Get a First Look Inside the New Halls of Gems and Minerals at the American Museum of Natural History
The refreshed space includes a dazzling exhibition of animal-inspired jewelry by Cartier, Van Cleef & Arpels, and more
When the revamped Allison and Roberto Mignone Halls of Gems and Minerals open at New York’s American Museum of Natural History on June 12, visitors will once again be able to marvel at their world-renowned treasures, among them the 563-carat Star of India, one of the world’s largest gem-quality sapphires, and the Subway Garnet, the most famous mineral specimen discovered in Manhattan. The Upper West Side institution’s beloved Halls were closed for renovations in 2017 and were originally slated to reopen last fall, but they were delayed due to the pandemic.
The gem and mineral collection, which is one of the finest in the world, began as far back as 1869. In 1922, the J. Pierpont Morgan Memorial Hall of Minerals and Gems officially opened as the primary display and storage area on the fourth floor. By 1976, the Harry Frank Guggenheim Hall of Minerals and Morgan Memorial Hall of Gems debuted on the museum’s first floor, and the space had never been updated since.
Like a time capsule from the 1970s, the former design was meant to simulate the interior of the Earth—complete with dim lighting and brown shaggy carpet—and had become part of the museum’s nostalgic charm. But the new renovation, with its airy halls, modernized vitrines, and technological enhancements, far better serves the incredible array of gems on offer.
“We thought about refurbishing the space,” says George E. Harlow, who has been a curator at the museum for over 40 years. “But we really wanted to rebuild it and we were presented with the opportunity. The science isn’t exactly dated but it wasn’t presented as well as it could be.”
From June 12, visitors will be greeted by a striking 9,000-pound amethyst geode, which features quartz that was formed some 135 million years ago. Harlow recently acquired the towering form from a gem dealer on Long Island, hoping to set the tone of the new space and also provide context around what a mineral would look like in its natural setting. “We wanted to talk about the environment of minerals and how they relate to the Earth. The connection between minerals and life is key. All bodies and organisms are a result of the chemicals from the minerals.”
Five-thousand mesmerizing specimens are sprinkled throughout the space, arranged in a way that charts this evolution. One highlight with a fascinating backstory is the Singing Stone, which has been in the collection since 1895. With its combination of bright blue azurite and green malachite, two copper ore minerals, it was originally dug up in at the Bisbee, Arizona mine and was part of the 1893 World’s Fair in Chicago. In the former space, when the humidity levels changed, a high pitched sound would be set off. (The new temperature regulated environment means better preservation but sadly no more singing.) There is also a beautiful fossilized tree that lived 35–33 million years ago.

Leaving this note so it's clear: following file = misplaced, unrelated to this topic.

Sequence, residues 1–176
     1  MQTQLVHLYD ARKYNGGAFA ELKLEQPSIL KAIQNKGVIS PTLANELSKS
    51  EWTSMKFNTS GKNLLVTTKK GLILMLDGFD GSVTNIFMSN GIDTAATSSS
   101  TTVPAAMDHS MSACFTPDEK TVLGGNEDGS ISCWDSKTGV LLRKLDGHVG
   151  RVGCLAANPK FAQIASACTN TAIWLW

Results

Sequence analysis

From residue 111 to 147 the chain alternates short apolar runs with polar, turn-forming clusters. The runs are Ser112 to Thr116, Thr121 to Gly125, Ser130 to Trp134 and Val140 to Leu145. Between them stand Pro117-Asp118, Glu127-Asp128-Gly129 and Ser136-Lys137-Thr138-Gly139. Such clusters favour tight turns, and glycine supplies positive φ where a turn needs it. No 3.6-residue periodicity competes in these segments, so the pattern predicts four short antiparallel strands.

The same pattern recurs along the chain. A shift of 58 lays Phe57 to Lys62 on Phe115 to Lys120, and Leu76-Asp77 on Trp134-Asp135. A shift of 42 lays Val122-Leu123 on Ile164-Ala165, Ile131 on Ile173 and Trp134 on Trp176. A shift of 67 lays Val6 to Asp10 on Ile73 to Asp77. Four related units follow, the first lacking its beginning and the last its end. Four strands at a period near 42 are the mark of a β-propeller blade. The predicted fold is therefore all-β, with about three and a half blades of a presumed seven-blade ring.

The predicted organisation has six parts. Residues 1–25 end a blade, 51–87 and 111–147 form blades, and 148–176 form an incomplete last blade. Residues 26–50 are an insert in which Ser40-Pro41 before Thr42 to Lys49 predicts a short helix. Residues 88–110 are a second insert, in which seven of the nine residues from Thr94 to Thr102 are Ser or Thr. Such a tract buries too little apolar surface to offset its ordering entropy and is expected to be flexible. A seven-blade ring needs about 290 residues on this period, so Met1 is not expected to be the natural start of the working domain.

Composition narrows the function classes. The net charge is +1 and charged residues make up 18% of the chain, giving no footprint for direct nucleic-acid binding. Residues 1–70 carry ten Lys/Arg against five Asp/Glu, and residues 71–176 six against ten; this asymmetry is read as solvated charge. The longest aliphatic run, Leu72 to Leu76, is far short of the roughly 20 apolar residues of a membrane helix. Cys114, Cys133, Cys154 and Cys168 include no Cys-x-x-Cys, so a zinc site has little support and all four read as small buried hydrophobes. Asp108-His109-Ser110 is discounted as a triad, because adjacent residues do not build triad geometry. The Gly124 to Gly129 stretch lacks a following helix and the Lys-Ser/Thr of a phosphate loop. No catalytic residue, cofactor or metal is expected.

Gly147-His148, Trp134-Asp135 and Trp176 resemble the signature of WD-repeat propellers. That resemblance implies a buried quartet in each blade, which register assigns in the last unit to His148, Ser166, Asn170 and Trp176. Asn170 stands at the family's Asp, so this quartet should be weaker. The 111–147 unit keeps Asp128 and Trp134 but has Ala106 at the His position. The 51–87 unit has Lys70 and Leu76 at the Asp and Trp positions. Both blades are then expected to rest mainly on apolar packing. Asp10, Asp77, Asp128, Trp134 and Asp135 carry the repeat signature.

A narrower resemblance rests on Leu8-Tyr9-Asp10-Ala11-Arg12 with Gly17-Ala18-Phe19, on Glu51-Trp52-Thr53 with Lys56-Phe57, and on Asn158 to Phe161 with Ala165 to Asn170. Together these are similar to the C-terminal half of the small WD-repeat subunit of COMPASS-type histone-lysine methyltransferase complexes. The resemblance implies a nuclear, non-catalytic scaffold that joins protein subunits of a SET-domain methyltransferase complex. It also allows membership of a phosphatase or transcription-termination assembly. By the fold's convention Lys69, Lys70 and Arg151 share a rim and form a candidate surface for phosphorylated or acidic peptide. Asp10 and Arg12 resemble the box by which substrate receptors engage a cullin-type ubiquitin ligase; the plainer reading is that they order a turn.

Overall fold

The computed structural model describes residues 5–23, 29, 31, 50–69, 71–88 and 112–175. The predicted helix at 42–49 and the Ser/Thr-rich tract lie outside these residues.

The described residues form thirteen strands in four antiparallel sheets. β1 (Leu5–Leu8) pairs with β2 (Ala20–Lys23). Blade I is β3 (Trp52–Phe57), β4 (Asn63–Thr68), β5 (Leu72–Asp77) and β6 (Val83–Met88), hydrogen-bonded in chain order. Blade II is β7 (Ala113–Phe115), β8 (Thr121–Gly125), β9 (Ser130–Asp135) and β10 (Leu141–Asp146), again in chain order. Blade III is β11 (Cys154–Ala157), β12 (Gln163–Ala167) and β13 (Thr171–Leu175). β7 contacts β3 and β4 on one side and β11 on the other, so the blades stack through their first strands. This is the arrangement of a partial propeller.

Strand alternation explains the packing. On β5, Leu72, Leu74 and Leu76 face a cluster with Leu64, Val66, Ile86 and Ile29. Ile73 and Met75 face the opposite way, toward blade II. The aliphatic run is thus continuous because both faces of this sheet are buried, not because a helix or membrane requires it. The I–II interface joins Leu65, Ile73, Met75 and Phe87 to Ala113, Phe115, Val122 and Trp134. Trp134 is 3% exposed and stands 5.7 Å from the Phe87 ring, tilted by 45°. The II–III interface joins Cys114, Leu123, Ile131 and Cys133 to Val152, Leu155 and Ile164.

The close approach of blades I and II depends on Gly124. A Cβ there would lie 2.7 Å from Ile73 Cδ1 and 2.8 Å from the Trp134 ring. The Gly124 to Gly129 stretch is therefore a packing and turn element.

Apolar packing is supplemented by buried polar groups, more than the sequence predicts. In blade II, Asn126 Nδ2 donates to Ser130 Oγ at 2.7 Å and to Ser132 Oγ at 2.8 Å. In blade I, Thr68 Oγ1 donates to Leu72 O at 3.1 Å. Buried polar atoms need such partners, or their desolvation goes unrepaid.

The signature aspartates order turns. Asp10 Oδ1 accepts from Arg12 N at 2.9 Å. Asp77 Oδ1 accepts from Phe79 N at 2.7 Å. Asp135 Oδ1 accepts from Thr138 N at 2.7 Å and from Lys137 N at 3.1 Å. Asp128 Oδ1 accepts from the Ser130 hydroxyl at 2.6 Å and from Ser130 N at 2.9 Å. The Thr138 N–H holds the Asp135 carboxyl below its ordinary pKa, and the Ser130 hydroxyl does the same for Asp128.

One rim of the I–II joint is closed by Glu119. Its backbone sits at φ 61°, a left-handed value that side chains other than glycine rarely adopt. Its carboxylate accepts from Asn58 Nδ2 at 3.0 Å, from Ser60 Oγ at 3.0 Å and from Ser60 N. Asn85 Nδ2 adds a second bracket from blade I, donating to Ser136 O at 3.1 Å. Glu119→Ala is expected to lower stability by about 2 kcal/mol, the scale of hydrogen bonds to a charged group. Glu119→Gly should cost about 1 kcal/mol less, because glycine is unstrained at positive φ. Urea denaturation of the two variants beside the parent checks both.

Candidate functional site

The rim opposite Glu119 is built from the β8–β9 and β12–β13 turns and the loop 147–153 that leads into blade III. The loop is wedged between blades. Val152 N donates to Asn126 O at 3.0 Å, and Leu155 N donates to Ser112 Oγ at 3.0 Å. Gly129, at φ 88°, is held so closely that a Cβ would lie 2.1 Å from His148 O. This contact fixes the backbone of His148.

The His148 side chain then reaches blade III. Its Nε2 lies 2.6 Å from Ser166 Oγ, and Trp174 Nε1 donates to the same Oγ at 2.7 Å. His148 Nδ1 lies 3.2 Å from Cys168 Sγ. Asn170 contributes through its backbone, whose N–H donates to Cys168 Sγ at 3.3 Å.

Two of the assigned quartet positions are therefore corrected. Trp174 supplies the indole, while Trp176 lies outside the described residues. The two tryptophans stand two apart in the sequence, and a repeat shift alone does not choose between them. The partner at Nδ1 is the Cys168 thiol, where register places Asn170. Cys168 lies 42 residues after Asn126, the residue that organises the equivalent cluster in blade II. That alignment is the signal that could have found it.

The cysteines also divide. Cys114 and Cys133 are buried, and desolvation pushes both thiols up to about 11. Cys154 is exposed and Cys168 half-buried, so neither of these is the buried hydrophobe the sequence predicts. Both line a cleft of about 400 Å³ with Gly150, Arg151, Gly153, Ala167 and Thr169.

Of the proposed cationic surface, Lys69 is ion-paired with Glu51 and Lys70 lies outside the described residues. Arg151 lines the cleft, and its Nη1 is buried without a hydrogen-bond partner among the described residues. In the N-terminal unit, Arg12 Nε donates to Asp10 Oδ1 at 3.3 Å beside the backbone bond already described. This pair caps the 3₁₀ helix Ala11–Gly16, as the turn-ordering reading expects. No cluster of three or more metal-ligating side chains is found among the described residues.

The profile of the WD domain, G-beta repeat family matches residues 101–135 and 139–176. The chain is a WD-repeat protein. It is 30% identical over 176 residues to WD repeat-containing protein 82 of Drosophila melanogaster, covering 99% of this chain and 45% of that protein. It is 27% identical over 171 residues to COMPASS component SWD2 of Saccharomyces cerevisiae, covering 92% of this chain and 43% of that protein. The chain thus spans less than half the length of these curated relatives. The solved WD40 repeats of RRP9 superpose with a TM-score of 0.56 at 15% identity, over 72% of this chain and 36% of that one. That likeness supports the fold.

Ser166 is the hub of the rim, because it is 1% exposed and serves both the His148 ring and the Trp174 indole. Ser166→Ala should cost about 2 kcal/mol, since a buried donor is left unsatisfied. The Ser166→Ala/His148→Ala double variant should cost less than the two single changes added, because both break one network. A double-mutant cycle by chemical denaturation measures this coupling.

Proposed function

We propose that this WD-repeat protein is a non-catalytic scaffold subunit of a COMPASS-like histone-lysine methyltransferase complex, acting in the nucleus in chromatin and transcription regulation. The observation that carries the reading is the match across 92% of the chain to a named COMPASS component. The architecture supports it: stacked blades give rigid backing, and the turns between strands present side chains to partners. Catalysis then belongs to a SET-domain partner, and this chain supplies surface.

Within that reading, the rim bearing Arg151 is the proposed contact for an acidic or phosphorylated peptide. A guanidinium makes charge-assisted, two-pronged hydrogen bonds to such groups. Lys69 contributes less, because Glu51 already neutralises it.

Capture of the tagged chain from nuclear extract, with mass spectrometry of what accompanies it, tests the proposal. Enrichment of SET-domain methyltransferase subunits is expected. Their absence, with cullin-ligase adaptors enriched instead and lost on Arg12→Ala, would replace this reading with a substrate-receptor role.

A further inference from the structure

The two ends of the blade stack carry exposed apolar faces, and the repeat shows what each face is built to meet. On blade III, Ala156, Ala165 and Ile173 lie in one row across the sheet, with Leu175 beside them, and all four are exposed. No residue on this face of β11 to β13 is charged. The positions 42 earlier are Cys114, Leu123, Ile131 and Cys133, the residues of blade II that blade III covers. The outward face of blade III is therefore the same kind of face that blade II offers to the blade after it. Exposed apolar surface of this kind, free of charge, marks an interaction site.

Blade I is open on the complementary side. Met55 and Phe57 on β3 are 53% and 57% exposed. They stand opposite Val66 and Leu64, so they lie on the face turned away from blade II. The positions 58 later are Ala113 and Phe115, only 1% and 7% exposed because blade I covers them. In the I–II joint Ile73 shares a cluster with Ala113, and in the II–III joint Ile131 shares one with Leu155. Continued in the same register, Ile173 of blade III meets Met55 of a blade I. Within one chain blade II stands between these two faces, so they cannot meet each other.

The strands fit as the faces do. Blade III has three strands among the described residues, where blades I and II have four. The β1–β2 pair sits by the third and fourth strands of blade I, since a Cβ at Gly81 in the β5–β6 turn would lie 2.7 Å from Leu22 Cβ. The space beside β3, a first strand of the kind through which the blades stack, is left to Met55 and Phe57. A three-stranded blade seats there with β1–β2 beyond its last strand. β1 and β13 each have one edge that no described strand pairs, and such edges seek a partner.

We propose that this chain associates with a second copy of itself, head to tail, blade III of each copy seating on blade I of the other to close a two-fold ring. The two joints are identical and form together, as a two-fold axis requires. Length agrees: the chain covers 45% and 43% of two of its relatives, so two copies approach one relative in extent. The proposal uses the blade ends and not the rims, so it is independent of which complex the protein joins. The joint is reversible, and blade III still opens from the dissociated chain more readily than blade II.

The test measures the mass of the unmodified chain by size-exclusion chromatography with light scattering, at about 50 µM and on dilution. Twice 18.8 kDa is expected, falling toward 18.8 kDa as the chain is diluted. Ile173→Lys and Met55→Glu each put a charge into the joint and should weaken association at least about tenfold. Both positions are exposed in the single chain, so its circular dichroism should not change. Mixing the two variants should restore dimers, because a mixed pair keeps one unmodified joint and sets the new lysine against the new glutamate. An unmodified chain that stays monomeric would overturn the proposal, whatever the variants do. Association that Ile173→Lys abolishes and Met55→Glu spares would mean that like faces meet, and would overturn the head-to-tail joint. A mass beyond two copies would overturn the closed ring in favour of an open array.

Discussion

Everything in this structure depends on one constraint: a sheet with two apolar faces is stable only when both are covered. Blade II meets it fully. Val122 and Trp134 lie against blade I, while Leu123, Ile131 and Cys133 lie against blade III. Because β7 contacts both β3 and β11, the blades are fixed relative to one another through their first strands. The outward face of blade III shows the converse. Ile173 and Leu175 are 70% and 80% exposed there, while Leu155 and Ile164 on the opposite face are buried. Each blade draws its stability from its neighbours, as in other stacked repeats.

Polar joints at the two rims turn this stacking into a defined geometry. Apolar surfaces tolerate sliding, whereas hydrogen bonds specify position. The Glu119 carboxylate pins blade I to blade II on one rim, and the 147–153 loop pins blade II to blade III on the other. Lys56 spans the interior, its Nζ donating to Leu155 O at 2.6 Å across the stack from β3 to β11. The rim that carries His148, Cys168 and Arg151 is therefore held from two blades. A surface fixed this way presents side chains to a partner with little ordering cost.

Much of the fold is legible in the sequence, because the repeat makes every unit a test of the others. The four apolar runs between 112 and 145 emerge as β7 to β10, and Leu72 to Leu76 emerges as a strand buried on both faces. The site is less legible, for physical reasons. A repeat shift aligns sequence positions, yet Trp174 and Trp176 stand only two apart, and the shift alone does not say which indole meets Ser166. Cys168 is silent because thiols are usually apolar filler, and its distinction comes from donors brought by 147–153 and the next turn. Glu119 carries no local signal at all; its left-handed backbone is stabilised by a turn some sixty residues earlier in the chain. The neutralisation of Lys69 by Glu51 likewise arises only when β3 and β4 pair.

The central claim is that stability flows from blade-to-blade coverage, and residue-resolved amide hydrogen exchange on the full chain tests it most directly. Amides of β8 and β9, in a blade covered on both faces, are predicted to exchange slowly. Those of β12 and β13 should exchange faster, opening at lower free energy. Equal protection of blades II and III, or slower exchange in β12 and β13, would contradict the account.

The collection of dazzling cut and polished gemstones‚ spanning everything from lapis lazuli and turquoise to emeralds and diamonds, are sure to remain a big draw for the museum, but one of Harlow’s goals is to provide some scientific context around how such beautiful gems are formed. “The idea is to show what makes gems so attractive,” he tells Galerie.
To round out the experience, the museum has installed a special gallery in its permanent hall of gems for the first time. The inaugural show, “Beautiful Creatures,” is a meticulously researched exhibition on jewelry inspired by the animal kingdom and was curated by the jewelry historian Marion Fasel. “I am just so glad it was able to open at all,” says Fasel, who worked on the show for around three years and sourced rare pieces from legendary houses Van Cleef & Arpels, Cartier, Tiffany & Co., David Webb, and Boucheron, as well as private collectors.
Highlights include a striking Cartier crocodile necklace acquired by actress Maria Felix in the 1975, a small lion brooch once owned by Brooke Astor, and a magnificent display of gem-encrusted butterflies that seem as though they could flutter straight out of the case. “The theme of beautiful creatures is a tribute to the museum,” explains Fasel. “All the jewels were created in the last 150 years, in celebration of the museum’s 150th anniversary, and the animals can all be found in the museum. Grouped together, there is a sense of joy, wonder, and delight.”